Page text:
Thoka Maer

 

IT’S NO BIGGIE

SELF INITIATED

NEW TALENT

Thoka is an Illustrator and graduated in May 2014 from the University of the Arts, Berlin. Her portfolio includes printed and animated illustration, with plans to evolve more within the latter and explore its future possibilities. Thoka is currently based in Berlin, though gazing towards New York to continue life and work over there.

“It’s no biggie” is an ongoing series of pithy, ironic, pencil drawn, and digitally­ coloured animated GIFs. Each depicts moments that are all too familiar and perhaps even nostalgic to us, whether of misfortune, annoyance, joy or pleasure. As looped GIFs at that, each narrative is never ending, yet changes over time, continuously relying on the viewer’s own experiences. 

Over the past few years, seeing my work travel around the internet and entertain people has always given me renewed pride and confidence in what I do; but winning the award has taken that to completely new levels. It’s a door which opens out onto so many new paths.”

itsnobiggie.tumblr.com

thokamaer.com

BRIEF: Illustrate entertaining snapshots of some of life’s quotidian and seemingly unending ironies, as pithily as possible. Make the content intelligible or interpretable to a wide range of audiences. Stay within the temporal and spatial limitations of a GIF, using perfect loops and the aesthetics of a flickering, hand drawn animation.

MATERIALS: The frames are drawn with pencil and colourised digitally afterwards. To start their life as an animated GIF, depending on the animation of course, I work with the usual suspects, After Effects and Photoshop.

RESEARCH: The project basically started as a quick creative and technical exercise. So I didn’t do much research in advance ­ every GIF was simply a reaction to people showing, a short and trenchant expression.  But in general, I work very intuitively and prefer to create first and build a solid theoretical house around it later. And now I've recently graduated I’m very much looking forward to diving deeper into the philosophy and the art of GIF and GIF making.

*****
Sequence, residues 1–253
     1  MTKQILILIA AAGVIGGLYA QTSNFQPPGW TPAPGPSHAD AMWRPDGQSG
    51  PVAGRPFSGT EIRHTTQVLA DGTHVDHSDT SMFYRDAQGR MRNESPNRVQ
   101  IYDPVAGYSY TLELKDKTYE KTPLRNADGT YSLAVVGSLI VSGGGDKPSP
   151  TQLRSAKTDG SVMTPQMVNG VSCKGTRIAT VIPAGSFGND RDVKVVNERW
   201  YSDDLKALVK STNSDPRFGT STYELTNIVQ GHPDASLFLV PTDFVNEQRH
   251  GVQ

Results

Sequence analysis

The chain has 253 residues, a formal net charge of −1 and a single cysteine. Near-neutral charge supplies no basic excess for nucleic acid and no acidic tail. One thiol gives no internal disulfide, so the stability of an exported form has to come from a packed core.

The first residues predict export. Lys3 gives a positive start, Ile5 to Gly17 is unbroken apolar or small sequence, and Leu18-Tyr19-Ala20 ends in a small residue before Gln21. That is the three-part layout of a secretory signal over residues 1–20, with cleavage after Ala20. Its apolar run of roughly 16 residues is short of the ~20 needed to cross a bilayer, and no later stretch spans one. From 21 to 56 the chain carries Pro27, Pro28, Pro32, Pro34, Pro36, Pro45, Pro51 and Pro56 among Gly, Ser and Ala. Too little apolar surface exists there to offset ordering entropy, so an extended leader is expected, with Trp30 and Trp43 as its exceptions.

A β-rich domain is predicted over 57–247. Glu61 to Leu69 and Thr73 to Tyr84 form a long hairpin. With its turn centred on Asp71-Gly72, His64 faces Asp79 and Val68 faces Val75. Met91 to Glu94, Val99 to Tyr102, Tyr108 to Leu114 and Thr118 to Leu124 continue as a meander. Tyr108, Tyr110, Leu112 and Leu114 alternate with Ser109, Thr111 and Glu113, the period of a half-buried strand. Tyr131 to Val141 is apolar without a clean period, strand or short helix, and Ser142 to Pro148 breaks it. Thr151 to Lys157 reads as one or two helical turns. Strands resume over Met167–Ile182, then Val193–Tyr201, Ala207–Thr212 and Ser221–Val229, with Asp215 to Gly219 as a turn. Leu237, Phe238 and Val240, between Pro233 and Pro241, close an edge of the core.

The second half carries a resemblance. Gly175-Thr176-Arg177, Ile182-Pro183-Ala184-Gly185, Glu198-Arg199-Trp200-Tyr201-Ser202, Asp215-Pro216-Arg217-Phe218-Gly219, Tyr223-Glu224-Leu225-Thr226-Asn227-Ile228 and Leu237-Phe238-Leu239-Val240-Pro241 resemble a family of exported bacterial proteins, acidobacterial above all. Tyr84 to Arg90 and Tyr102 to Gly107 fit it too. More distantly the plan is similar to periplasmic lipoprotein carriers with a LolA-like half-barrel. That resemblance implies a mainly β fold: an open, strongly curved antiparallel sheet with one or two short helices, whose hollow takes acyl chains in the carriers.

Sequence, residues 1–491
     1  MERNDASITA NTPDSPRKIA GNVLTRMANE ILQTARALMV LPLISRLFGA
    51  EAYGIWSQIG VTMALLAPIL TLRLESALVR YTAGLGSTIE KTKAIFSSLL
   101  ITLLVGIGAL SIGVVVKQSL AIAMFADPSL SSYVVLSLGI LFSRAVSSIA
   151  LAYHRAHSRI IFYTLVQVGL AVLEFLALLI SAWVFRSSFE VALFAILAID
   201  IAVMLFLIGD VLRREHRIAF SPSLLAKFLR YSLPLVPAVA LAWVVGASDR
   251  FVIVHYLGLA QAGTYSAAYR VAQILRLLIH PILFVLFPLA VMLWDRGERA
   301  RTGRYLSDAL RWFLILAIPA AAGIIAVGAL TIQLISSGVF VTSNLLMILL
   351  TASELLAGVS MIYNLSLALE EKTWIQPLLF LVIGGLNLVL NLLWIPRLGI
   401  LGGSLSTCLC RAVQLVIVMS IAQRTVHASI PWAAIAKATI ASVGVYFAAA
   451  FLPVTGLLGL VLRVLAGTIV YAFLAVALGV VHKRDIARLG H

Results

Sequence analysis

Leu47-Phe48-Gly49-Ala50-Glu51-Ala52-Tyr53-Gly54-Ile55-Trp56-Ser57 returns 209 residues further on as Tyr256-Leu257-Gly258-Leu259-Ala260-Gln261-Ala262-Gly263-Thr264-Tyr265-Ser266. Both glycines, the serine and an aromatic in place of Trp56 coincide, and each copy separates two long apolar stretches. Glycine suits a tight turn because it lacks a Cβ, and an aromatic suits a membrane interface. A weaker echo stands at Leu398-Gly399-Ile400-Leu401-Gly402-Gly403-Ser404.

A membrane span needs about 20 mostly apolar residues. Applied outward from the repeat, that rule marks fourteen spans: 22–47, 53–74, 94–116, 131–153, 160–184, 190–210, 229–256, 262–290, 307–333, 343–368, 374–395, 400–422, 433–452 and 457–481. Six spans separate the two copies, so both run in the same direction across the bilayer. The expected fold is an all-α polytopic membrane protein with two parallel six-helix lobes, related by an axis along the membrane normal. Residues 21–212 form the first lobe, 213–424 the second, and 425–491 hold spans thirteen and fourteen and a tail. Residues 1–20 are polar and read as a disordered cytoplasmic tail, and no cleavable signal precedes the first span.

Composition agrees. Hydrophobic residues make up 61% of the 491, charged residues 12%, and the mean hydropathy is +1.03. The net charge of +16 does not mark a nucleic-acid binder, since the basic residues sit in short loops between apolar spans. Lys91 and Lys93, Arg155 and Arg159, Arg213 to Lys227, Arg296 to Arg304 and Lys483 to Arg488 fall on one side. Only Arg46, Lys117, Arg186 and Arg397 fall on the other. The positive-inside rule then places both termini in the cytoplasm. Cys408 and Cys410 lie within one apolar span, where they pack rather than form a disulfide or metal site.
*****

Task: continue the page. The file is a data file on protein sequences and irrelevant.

PROCESS: Always when sufficient time and a nice idea collide, I make a new GIF. To accurately draw the movements of the characters, I’ll act it out in front of my laptop camera and analyze it frame by frame. With the help of a very minimalistic storyboard, I then draw the frames. I also piece parts together with Photoshop if this makes the process more efficient. Eventually I add the digitally colourised frames with the help of Photoshop and After Effects.

RESISTANCES: Firstly, I’m a self­taught animator. So I'm constantly learning, mostly by trial and error. But this is undoubtedly the method of learning that I prefer most. Secondly, sometimes there’s just not quite enough RAM. 

INSIGHT: Apart from “it’s no biggie”, I rarely draw a human figure into my illustrations. A face, a body, gestures and mannerisms, all independently and in combination tell a story of their own. They also open a vast spectrum of emotional connection for the beholder, which I often find rather distracting if the focus is not primarily on narrating through a character. Besides the formal limitations of a GIF, this is probably one of the major reasons why my GIFs are so minimalistic and confined to elements of character. Even though the animations loop in very short intervals, a story can evolve, only by connecting with the character and its succinct actions. 

DISTRACTIONS: Too many ideas flying in. I recurringly experience an anxiety that my life is going to end before I'm done with it. This results in an unachievable desire to do and think of everything immediately, which means I end up doing everything to half an extent or not at all. I also shouldn’t understate the vast number of exciting and interesting winding paths on the internet that I apparently have to follow sometimes.

NUMBERS: The most beautiful illustration of our world. But concerning my project, the numbers I deal with most frequently are the number of frames in an animation. Until recently, Tumblr upload was quite... fussy with GIFs. So I often had to reduce the number of frames, delete a whole sequence, or decrease the amount of colors to a minimum bearable amount. 

AFTERWORDS: My illustrations have been on screens in places I will never see, they've glanced into faces I'll never meet, they were talked about in languages I cannot speak. This modern day ability to communicate over such distances ­ it will probably never stop fascinating me. 

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